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Thomas Nguyen v. Kathryn Alban; San Diego Police Department; Officer Serena Mcfalls

UNITED STATES DISTRICT COURT SOUTHERN DISTRICT OF CALIFORNIA


March 14, 2012

THOMAS NGUYEN,
PLAINTIFF,
v.
KATHRYN ALBAN; SAN DIEGO POLICE DEPARTMENT; OFFICER SERENA MCFALLS; OFFICER LOPEZ; OFFICER VALDEZ; OFFICER MICHAEL MORAN, DEFENDANTS.

The opinion of the court was delivered by: Hayes, Judge:

ORDER

The matters before the Court are the Motion to Dismiss filed by Defendant Kathryn Alban*fn1 (ECF No. 6) and the Request to Enter Default against Defendant Alban filed by Plaintiff Thomas Nguyen (ECF No. 15).

I. Background

On September 22, 2011, Plaintiff initiated this action by filing a Complaint in the Superior Court of California for the County of San Diego. (ECF No. 1 at 6). On November 7, 2011, Defendants removed the matter to this Court asserting that this Court has original federal question jurisdiction. (ECF No. 1 at 2). On November 14, 2011, Defendants San Diego Police Department, Officer Serena McFalls, Officer Eduardo Lopez, Officer David Valdez, and Officer Michael Moran filed an Answer. (ECF No. 2).

On November 21, 2011, Plaintiff filed an Opposition to the Notice of Removal. (ECF No. 5 at 2). On December 2, 2011, Defendants filed a Reply. (ECF No. 9).

On November 22, 2011, Defendant Kathryn Alban filed a Motion to Dismiss the Complaint. (ECF No. 6). On December 12, 2011, Plaintiff filed an Opposition. (ECF No. 13). Plaintiff also filed a Request to Enter Default against Defendant Alban. (ECF No. 15). On December 19, 2011, Defendant Alban filed a Reply. (ECF No. 17).

II. Entry of Default

Plaintiff seeks entry of default judgment against Defendant Alban on the grounds that she did not respond to the Complaint within 30 days from the date of service. Plaintiff contends that the Complaint, filed in the California Superior Court, was served on October 11, 2011. Plaintiff contends that Defendant Alban did not file her Motion to Dismiss until November 22, 2011. Plaintiff has submitted a copy of the "Register of Action" from the California Superior Court identifying each entry on the docket for this case. (ECF No. 5 at 4). The Register of Action reflects that, on November 16, 2011, a "Notice of Removal to Federal Court" was filed. Id.

Defendant Alban contends that on October 17, 2011 she was served with the Complaint. Defendant Alban contends that on November 15, 2011, the other Defendants filed a notice of removal and that, pursuant to Federal Rule of Civil Procedure 81(c), she was required to file her motion to dismiss no later than seven days after the notice of removal was filed. Defendant Alban contends that her motion to dismiss, filed on November 22, 2011, is timely.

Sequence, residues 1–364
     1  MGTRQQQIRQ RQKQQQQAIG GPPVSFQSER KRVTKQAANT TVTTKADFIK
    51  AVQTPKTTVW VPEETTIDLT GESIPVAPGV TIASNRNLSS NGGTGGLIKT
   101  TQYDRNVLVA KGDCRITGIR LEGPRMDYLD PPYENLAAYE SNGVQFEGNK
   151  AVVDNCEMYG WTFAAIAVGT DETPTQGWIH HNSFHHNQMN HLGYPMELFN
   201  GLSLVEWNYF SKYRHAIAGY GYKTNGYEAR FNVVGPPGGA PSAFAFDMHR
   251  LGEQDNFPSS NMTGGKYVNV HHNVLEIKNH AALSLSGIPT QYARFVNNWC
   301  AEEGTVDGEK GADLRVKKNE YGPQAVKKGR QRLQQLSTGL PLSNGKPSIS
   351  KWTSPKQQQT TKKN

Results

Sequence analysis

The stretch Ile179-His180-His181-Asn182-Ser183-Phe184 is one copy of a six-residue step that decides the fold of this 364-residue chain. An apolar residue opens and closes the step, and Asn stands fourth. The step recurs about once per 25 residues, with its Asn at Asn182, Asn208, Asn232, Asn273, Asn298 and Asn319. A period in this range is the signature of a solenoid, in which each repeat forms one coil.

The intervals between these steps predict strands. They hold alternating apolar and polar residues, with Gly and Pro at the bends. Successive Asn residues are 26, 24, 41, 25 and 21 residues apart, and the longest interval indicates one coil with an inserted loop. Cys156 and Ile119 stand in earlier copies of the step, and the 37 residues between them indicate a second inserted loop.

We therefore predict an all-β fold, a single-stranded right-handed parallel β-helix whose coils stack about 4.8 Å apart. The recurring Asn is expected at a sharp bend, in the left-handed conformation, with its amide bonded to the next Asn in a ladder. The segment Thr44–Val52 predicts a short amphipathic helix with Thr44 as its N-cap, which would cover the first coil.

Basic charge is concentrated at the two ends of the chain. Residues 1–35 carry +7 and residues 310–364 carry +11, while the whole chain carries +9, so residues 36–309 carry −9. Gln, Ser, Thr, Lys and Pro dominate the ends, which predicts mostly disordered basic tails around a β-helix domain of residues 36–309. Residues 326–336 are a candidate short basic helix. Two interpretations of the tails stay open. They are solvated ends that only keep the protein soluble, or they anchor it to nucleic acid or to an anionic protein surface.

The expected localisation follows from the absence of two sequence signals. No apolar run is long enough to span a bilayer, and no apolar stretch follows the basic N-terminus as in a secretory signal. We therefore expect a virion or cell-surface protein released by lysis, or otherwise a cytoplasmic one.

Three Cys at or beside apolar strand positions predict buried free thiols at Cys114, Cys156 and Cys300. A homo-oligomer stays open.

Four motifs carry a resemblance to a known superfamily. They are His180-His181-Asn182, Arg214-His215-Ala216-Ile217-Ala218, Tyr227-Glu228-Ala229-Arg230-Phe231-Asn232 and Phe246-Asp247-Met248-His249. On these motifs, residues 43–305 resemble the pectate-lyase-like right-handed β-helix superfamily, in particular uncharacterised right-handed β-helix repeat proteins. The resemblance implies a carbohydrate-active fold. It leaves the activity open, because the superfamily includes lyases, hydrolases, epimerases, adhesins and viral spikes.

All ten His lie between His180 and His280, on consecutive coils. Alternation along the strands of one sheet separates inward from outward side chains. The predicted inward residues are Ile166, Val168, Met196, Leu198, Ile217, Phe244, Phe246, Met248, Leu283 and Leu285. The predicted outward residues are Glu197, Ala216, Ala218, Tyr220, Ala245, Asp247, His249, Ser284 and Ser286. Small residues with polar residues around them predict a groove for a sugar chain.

Federal Rule of Civil Procedure 81 provides that, after removal to federal court, a defendant who has not answered before removal "must answer or present other defenses or objections under these rules" within the following periods, whichever is longer:

(A) 21 days after receiving--through service or otherwise--a copy of the initial pleading stating the claim for relief;

(B) 21 days after being served with the summons for an initial pleading on file at the time of service; or

(C) 7 days after the notice of removal is filed.

Fed. R. Civ. P. 81(c).

Federal Rule of Civil Procedure 55(b)(2) provides that the Court may grant a default judgment after default has been entered by the Clerk of the Court. Rule 55(a) requires that the Clerk of the Court enter default "when a party against whom a judgment for affirmative relief is sought has failed to plead or otherwise defend, and that failure is shown by affidavit or otherwise." Fed. R. Civ. P. 55(a).

The Notice of Removal in this case was filed in on November 16, 2011. Defendant Alban filed the Motion to Dismiss on November 22, 2011. The Court finds that Plaintiff has failed to show that Defendant Alban did not plead or otherwise defend in this case. The Request to Enter Default against Defendant Alban (ECF No. 15) is DENIED.

III. Motion to Dismiss

Federal Rule of Civil Procedure 12(b)(6) permits dismissal for "failure to state a claim upon which relief can be granted." Fed. R. Civ. P. 12(b)(6). Federal Rule of Civil Procedure 8(a) provides: "A pleading that states a claim for relief must contain ... a short and plain statement of the claim showing that the pleader is entitled to relief. Dismissal under Rule 12(b)(6) is appropriate where the complaint lacks a cognizable legal theory or sufficient facts to support a cognizable legal theory. See Balistreri v. Pacifica Police Dep't, 901 F.2d 696, 699 (9th Cir. 1990). To sufficiently state a claim to relief and survive a Rule 12(b)(6) motion, a complaint "does not need detailed factual allegations" but the "[f]actual allegations must be enough to raise a right to relief above the speculative level." Bell Atl. Corp. v. Twombly, 550 U.S. 544, 555 (2007). "[A] plaintiff's obligation to provide the 'grounds' of his 'entitle[ment] to relief' requires more than labels and conclusions, and a formulaic recitation of the elements of a cause of action will not do." Id. (quoting Fed. R. Civ. P. 8(a)(2)).